YACHT has cancelled his May 11 appearance with Kid606, Trackademicks, Lazer Sword and Luke's Anger.
Enthusiastic and optimistic - Jona Bechtolt would have to be both to schedule back-to-back shows in Bloomington, Ind., and Big Sur, as he did on his most recent tour.
"I'm pretty much into playing wherever there is a desire for me to do so," Bechtolt e-mails en route to Seattle. "Once I played in a bathroom in the basement/rec-room of some kid's grandparents' house in St. Read more »
Should you take this life seriously enough to listen to it, I would suggest you head to local electro-organic thinkers I Am Spoonbender's Web site right now, before you read this story, and download the trailer for their latest self-released album, Buy Hidden Persuaders (IAS, 2006), another three-sided disc (their gorgeous Teletwin 12-inch had concurrent grooves on one side, allowing for a randomly asserted listening experience) from the wizards of esoteric musical realism. Read more »
A couple years after Drag City reissued Gary Higgins's 1973 album Red Hash, the recording stands tall as one of the prime excavations of the ongoing psych-folk gold rush. As with Vashti Bunyan, Higgins's resurgence comes with a mythic narrative: where Bunyan left behind Just Another Diamond Day for a bucolic family life in England's north country, Higgins floated upriver in a different way after Red Hash, serving time for a marijuana bust in rural Connecticut. The disc was recorded while he was out on bail, in the few days between his arrest and sentencing. Read more »
It's customary to crave road travel when your summer bummer declines into a case of cubicle claustrophobia at the ol' air-conditioned nightmare. Some of us just need to go on hiatus for a while. But take it from electronic-experimental musician Kevin Blechdom: her 2002 move from San Francisco to Berlin has been a fruitful experience.
"For the last four years, I was able to support myself through playing music," she writes via e-mail. "That's nearly impossible to do in America with the style of music I'm making, but totally possible in Europe. Read more »
You can't put your arms around a memory, as one hopeless rock 'n' roll soul once sang, but you can ponder a memory's origins, observe its manifestations, and perhaps even embrace its spectral aftereffects. So it goes with Gowns' Ezra Buchla, who currently lives with bandmate Erika Anderson in the North Berkeley "towering, crumbling Grey Gardens-style Victorian manse" where he was born. "I've lived in this house my whole life," he says quietly. Read more »
"The ghosts come quickly, and they leave quickly," remarks Philipp Minnig about his effective yet unorthodox approach to songwriting for San Francisco electro-disco group Sugar and Gold.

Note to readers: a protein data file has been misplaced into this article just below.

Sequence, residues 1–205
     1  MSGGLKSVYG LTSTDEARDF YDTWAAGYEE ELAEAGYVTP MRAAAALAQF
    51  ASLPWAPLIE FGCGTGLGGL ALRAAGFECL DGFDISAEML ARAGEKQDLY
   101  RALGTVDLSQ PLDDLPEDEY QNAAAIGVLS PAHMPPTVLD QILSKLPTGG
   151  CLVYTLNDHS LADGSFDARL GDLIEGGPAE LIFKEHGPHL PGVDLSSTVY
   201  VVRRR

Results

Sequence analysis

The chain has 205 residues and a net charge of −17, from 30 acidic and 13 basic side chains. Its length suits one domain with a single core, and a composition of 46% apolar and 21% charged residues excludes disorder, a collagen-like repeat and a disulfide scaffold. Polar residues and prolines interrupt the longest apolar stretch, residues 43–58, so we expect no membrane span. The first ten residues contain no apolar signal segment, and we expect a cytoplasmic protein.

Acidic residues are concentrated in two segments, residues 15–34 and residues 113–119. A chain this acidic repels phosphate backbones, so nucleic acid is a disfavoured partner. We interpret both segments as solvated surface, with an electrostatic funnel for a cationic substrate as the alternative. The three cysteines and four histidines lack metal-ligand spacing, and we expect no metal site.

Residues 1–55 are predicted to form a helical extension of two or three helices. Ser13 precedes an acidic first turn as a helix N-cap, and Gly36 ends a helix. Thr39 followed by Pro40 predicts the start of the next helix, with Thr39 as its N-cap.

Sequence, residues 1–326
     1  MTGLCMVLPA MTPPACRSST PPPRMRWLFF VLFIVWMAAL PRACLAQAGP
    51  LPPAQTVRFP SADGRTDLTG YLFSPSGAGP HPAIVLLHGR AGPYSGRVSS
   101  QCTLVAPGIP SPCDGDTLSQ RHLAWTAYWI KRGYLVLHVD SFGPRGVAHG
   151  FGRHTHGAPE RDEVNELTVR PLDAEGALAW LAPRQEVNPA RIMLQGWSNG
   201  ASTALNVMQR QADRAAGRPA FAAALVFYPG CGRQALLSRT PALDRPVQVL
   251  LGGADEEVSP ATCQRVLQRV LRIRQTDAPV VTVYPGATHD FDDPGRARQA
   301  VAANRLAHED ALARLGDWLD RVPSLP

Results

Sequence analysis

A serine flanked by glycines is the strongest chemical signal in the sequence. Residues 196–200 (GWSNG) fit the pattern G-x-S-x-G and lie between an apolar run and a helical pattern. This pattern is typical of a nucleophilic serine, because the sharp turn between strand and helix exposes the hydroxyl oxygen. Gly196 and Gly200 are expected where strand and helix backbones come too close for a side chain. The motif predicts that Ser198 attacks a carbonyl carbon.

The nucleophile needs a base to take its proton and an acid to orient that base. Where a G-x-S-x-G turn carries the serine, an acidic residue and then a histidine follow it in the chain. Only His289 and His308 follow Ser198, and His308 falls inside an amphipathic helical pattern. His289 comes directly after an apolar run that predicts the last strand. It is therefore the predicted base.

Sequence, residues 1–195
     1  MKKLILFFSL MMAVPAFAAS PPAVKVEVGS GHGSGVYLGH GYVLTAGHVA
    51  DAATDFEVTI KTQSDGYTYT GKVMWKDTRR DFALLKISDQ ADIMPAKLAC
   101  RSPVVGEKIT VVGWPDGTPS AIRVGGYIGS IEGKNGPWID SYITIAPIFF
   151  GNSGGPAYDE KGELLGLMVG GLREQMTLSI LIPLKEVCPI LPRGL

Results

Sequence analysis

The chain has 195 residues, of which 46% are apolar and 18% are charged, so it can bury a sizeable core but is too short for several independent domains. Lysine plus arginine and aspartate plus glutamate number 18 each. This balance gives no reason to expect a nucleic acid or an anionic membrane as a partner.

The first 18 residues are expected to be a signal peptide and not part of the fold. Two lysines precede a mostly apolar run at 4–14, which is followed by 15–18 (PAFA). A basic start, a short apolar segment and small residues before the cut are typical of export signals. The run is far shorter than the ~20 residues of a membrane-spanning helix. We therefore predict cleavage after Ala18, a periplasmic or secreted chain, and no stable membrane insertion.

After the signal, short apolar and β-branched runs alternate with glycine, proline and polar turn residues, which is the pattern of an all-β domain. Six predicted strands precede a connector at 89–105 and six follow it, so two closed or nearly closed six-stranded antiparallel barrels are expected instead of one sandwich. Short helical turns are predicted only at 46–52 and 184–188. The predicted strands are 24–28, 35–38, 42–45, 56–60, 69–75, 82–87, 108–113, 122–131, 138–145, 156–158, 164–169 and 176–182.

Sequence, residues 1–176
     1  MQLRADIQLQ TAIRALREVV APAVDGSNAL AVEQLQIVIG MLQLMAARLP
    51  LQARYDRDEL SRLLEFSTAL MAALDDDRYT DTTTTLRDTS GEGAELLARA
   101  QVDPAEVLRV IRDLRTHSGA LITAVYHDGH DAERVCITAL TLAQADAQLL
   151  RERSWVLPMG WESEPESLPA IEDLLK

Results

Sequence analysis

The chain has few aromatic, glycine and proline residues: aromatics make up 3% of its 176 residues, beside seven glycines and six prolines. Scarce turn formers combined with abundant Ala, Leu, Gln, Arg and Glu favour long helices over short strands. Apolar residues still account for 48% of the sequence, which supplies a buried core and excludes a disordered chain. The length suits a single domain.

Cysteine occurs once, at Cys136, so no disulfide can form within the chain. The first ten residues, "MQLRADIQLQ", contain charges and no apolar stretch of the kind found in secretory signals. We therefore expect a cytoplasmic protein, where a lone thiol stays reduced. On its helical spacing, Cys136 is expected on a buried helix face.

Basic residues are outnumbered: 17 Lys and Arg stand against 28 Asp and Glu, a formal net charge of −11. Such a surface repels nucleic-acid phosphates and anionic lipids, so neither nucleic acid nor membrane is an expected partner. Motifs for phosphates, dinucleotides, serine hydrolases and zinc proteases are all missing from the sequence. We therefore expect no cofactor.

"I always call songwriting 'ghostbusting,' " he says over tapas at Picaro in the Mission District, in a German accent softened by years spent in Northern California. "There will be an idea floating around, and you zap it, throw out your trap, and there it goes. For us, our traps are chords, or a rhythm. Read more »
"Basically I'm just trying to get everything out so I can sleep at night," vocalist Miguel Zelaya said in explanation of the steady stream of bubbling and bursting indie pop springing forth from his rather busy cerebellum. As the songwriter and creative mastermind of local darlings the Harbours, Zelaya is diligence personified. Read more »
Noise luminary Tom Smith's nearly three-decade jaunt through the experimental rock abyss has been part of a sustained continuum of all his undertakings. Throughout the late '70s and much of the '80s, the main brain and entrepreneur of To Live and Shave in LA occupied his time in bands such as Of Boat, Pussy Galore, and Peach of Immortality, before TLASILA took its first few breaths in July 1990. After migrating to South Florida in 1991, the Georgia native quickly stumbled on bassist and engineer Frank "Rat Bastard" Falestra and oscillator operator Ben Wolcott. Read more »
Electrifying a thumb piano sounds about as unlikely as, say, strapping a jet engine onto a surfboard. That very action, however, explains the central mystery behind Congo's Konono No. 1. But don't expect an esoteric creation myth from founder and likembe virtuoso Mawangu Mingiedi, who explains that his feedback-rich music exists simply "because it's a very soft-sounding instrument and Kinshasa is a very noisy town."
The likembe has a gentle, waterlogged twang, like a mouth harp encased in Jell-O. Read more »